These are tough times, no doubt. But, as with any challenge we face, there are opportunities for growth and development. I’d like to raise some of the positives for our personal finance.
The first is a renewed focus on the importance of liquidity in our personal finances. Just as many sm
all businesses are stretched beyond breaking point if they have insufficient cash flow to cover regular outgoings, so household finances might buckle if there is a drop-in income but still substantial outgoings.
Many employed people will either still be earning their full salary or, if they are covered by the Government Scheme, be on 80% of their wages. But many others may already have been laid off and many more self-employed will be without inflows of money - at least until some form of Government assistance actually materialises. For these people, who are numbered in millions, having sufficient liquidity will be a matter of the upmost importance.
No matter what your current employment situation is, use this time to firstly recognise the importance of household liquidity and secondly take action to improve it in the future.
Even if at the moment you are stretched make a commitment to build 3-6 months of regular expenditure in an easy access savings pot from future income flows. Ring fence this money and keep it for future challenges.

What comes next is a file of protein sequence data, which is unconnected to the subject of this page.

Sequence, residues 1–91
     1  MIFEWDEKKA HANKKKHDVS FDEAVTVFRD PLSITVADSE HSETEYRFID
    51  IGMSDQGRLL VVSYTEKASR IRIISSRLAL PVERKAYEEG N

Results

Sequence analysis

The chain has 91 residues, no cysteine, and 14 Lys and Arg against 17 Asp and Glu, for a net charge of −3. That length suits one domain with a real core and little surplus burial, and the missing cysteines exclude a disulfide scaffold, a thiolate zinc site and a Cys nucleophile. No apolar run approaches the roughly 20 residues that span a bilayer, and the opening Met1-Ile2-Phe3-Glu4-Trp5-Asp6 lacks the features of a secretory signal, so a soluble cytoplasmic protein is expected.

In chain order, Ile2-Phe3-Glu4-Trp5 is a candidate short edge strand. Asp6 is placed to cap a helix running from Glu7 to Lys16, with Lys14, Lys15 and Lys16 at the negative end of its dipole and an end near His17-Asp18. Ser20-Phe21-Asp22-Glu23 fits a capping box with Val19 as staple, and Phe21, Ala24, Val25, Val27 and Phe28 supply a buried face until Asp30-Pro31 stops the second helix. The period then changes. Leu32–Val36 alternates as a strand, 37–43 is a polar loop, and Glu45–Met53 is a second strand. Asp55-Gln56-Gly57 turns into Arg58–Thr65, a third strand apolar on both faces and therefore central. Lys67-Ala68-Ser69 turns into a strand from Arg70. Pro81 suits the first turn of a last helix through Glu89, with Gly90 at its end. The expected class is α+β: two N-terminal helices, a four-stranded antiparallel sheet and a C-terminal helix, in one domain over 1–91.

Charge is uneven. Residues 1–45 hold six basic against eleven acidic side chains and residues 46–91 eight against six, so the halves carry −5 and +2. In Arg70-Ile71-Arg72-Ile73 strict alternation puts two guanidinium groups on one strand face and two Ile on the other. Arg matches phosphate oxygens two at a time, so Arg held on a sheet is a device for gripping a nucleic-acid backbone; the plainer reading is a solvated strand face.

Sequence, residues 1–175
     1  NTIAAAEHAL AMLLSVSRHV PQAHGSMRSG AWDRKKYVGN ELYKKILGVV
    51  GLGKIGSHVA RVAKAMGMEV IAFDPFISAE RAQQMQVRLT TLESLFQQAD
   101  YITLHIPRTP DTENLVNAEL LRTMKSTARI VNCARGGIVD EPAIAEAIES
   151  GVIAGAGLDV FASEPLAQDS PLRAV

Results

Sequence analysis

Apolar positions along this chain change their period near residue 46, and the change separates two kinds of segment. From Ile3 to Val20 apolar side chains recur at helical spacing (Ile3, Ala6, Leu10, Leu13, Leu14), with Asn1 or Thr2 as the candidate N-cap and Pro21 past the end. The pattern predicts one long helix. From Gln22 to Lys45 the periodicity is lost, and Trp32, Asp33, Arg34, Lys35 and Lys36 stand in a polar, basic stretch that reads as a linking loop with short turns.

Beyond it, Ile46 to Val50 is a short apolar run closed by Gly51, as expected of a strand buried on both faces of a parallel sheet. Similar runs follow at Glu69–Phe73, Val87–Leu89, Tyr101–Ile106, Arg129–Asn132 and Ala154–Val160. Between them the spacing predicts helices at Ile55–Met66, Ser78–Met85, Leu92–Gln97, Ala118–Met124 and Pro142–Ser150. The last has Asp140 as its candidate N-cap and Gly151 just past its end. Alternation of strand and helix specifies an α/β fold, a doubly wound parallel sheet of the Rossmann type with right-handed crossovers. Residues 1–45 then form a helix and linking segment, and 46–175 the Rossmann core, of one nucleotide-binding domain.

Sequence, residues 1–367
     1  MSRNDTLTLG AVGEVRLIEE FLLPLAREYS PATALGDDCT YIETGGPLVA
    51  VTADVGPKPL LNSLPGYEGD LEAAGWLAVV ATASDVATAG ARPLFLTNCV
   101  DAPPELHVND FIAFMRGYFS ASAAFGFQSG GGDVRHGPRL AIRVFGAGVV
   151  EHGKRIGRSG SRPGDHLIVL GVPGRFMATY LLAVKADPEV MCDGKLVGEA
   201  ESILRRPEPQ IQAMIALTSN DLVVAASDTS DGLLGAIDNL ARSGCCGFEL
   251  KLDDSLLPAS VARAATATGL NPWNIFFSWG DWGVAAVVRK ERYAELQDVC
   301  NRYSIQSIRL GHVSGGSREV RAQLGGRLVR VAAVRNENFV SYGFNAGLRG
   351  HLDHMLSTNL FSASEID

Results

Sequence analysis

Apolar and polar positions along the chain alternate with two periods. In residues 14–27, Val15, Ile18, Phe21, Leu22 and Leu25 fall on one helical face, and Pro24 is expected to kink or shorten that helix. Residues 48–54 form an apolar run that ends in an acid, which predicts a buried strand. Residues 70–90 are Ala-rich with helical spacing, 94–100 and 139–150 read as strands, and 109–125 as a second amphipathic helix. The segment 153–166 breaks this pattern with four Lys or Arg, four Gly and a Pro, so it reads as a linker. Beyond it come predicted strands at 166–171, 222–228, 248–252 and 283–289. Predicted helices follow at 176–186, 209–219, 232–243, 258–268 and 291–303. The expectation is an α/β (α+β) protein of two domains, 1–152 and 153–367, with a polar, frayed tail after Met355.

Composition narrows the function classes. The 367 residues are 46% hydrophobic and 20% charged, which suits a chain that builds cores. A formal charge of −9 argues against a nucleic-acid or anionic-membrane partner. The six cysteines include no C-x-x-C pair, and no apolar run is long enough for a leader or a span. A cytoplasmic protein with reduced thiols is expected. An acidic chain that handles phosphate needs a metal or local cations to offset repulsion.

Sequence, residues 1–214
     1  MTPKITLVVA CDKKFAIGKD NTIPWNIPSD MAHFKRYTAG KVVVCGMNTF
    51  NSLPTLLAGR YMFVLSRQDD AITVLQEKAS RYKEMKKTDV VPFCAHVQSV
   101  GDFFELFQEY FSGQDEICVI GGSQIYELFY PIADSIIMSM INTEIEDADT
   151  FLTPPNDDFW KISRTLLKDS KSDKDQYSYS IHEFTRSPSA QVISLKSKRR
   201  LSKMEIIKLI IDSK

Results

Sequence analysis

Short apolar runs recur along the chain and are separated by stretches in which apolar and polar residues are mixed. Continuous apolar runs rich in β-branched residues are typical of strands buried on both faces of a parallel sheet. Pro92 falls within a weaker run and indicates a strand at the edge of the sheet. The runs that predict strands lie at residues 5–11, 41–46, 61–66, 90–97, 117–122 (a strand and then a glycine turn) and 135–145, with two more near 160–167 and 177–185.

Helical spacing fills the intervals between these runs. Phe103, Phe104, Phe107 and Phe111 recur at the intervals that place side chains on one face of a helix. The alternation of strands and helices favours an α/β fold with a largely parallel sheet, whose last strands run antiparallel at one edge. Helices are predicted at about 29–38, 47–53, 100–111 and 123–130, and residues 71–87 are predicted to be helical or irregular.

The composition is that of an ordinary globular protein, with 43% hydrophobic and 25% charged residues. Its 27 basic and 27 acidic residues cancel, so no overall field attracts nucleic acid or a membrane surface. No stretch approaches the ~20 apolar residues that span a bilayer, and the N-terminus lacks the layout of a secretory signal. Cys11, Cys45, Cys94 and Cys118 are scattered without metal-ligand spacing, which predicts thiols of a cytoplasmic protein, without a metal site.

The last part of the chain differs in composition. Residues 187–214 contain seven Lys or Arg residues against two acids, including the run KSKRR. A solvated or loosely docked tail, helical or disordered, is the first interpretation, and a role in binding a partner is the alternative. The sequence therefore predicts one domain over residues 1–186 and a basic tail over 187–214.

The second positive is to assess and potentially re-set spending. Ask yourself “what have I been doing with my money and have these purchases really been worth it?” While the occasional meal out/ cinema trip/ home delivery should quite properly be enjoyed it is likely many people spend on what might be described as “non-essentials”. I won’t list them as everyone clearly has their own priorities, but you could begin tracking your patterns expenditure. You could also set yourself other goals, such as “decrease my spending by 10%” or “identify 2 categories of spending I will cut out”.
Then commit to track your spending regularly each month. Use monthly surpluses to build your contingency savings pot.
These two actions: tracking spending and building liquidity will enable you to emerge from these tough times both with potentially stronger finances and, more importantly, more positive money habits.